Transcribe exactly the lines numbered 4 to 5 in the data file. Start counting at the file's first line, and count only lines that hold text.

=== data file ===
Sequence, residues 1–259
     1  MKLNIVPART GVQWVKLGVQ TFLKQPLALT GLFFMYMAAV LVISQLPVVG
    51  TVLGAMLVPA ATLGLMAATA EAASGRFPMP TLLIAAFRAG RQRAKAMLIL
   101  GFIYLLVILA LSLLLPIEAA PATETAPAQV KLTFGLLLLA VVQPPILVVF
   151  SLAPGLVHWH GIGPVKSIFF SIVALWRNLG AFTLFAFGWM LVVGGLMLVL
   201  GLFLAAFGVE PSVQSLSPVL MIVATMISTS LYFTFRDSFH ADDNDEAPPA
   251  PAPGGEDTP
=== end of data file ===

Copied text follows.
   101  GFIYLLVILA LSLLLPIEAA PATETAPAQV KLTFGLLLLA VVQPPILVVF
   151  SLAPGLVHWH GIGPVKSIFF SIVALWRNLG AFTLFAFGWM LVVGGLMLVL